Migraine - Patient focus


Migraine epidemiology: In pregnancy and postpartum

Migraine is generally known to affect mostly women with the peak incidence occurring in the reproductive years.1 As part of the “Headache and Pain 1 session” at the 7th Congress of the European Academy of Neurology (EAN), Dr. Nirit Lev (Meir Medical Center, Kfar Saba, Tel Aviv, Israel) provided clinical evidence of migraine epidemiology in women during and after pregnancy while considering their characteristics and medical needs.



When we are following a pregnant woman with migraine, we need to look at the whole picture; not only at her migraine, not only [at] her pregnancy.

Nirit Lev


The prevalence of migraine in pregnancy

Dr. Nirit Lev started her presentation by mentioning that with the onset of puberty, the prevalence of migraine becomes three times more common in women than in men.1 In contrast, men have a relatively stable course of migraine throughout their lifespan.1 She reported that females with migraine experience an overall improvement in migraine symptoms during pregnancy, especially in the second and third trimester.1 She further explained that the remission of migraine symptoms in women during pregnancy parallels the increased estrogen and progesterone levels during pregnancy.2 Nevertheless, Dr. Lev indicated that there were a minority of women that reported worsening of migraine during their pregnancy; some even experienced de novo migraine symptoms during the first trimester of their pregnancy.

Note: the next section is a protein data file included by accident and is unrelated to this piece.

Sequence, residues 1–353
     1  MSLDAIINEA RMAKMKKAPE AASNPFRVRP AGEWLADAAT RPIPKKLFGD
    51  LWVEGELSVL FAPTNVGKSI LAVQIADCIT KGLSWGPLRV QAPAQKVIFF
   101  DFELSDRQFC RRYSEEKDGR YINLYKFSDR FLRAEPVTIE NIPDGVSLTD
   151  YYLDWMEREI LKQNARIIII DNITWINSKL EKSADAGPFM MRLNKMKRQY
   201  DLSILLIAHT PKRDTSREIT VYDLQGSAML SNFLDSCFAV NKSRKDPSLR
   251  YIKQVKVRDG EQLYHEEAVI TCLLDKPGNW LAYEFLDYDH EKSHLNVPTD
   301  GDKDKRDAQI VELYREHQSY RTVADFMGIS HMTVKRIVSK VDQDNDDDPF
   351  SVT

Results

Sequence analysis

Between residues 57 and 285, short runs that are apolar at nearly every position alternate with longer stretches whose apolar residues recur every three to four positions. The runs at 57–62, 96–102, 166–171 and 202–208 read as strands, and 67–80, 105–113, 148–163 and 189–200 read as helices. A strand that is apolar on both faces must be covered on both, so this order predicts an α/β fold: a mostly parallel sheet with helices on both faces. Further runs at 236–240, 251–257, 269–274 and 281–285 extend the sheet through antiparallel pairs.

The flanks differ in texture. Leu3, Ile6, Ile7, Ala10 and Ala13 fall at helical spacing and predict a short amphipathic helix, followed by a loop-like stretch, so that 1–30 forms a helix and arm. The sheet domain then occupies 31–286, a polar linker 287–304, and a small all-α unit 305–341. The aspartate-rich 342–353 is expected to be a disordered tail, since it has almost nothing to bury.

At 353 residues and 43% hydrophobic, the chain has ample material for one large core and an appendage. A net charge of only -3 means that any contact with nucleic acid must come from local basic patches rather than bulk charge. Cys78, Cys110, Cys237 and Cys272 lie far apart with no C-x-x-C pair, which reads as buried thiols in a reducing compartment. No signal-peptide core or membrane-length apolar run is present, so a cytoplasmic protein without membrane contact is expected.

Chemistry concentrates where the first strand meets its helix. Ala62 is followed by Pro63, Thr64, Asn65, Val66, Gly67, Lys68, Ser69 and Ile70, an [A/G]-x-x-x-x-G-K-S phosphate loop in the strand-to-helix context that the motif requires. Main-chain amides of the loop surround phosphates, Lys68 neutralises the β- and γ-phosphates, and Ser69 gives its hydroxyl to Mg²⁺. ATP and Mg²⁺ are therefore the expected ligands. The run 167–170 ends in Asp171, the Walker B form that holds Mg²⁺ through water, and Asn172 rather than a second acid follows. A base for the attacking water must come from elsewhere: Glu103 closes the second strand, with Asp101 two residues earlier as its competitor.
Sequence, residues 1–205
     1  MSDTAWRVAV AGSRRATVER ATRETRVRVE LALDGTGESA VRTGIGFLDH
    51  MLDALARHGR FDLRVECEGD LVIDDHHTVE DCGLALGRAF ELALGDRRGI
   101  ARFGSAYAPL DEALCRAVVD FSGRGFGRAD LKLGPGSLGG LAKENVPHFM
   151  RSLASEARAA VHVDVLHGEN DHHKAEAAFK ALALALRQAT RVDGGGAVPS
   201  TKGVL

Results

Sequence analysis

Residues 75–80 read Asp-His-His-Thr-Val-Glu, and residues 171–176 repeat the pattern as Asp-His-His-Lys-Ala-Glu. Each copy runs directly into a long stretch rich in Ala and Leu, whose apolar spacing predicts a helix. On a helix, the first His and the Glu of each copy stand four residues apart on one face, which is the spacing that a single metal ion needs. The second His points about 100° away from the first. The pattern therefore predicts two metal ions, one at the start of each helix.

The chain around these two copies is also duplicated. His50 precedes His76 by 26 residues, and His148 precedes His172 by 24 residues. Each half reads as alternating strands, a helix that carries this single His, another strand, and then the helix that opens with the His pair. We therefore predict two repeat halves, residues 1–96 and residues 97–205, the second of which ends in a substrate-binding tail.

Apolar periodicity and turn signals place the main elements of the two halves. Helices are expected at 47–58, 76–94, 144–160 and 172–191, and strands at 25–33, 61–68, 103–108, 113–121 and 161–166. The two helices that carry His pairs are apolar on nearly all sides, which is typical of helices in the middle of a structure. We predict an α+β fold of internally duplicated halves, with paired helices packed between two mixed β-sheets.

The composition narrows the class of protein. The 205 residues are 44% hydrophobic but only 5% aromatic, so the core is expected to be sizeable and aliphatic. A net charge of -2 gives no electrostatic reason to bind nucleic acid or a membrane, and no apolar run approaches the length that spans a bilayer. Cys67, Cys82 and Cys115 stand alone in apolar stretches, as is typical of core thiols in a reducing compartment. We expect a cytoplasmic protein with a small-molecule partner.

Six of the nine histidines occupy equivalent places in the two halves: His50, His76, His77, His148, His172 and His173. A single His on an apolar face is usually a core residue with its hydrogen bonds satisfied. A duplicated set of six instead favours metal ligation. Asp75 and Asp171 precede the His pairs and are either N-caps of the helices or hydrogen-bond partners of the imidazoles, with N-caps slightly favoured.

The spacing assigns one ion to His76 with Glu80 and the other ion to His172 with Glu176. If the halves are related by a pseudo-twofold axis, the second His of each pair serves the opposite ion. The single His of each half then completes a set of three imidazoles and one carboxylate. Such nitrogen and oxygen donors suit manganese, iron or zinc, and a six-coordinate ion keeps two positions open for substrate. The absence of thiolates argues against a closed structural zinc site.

Women with migraine during pregnancy 

In the next segment of her talk, Dr. Lev presented results based on a study that was conducted using an electronic health record database. She stated that 145,102 women who gave birth during a period of six years (2014–2020) were included in the study. According to Dr. Lev, over 10,000 pregnant women had a diagnosis of migraine without aura, while 1,576 pregnant women experienced migraine with aura. She indicated that pregnant women with migraine had an overall higher risk of obstetric complications such as gestational diabetes, hyperlipidemia, preeclampsia, and blood clots, along with psychiatric concomitant diseases like depression compared to pregnant women without migraine. Furthermore, Dr. Lev reported that pregnant women with migraine seek more medical consultations, had more visits to the emergency department and consumed more medications in comparison to women without migraine. Lastly, Dr. Lev indicated that there was a higher incidence of preterm deliveries and a lower number of live born infants in women with migraine as compared to women without migraine.


Women with migraine in the postpartum period

Dr. Lev then discussed the clinical evidence of women with migraine during the postpartum period, reporting that women with migraine seek more medical consultations, had more laboratory examinations and more brain imaging studies than women without migraine. In Dr. Lev’s opinion, pregnant women with migraine should be included in a high-risk pregnancy protocol of care throughout their pregnancy as they were shown to be at a higher risk of having obstetric and medical complications compared with women without migraine. She also emphasized that a specialized neurological follow-up visit, in addition to obstetrics and gynecology, should be provided to women with migraine during the pregnancy and postpartum period. Dr. Lev concluded by stressing that “managing migraine in pregnancy is more complicated and needs special attention and expertise.”


  1. Todd C, Lagman-Bartolome AM, Lay C. Women and Migraine: the Role of Hormones. Current Neurology and Neuroscience Reports 2018;18:42.

  2. Martin VT, Behbehani M. Ovarian hormones and migraine headache: understanding mechanisms and pathogenesis--part I. Headache 2006;46:3-23.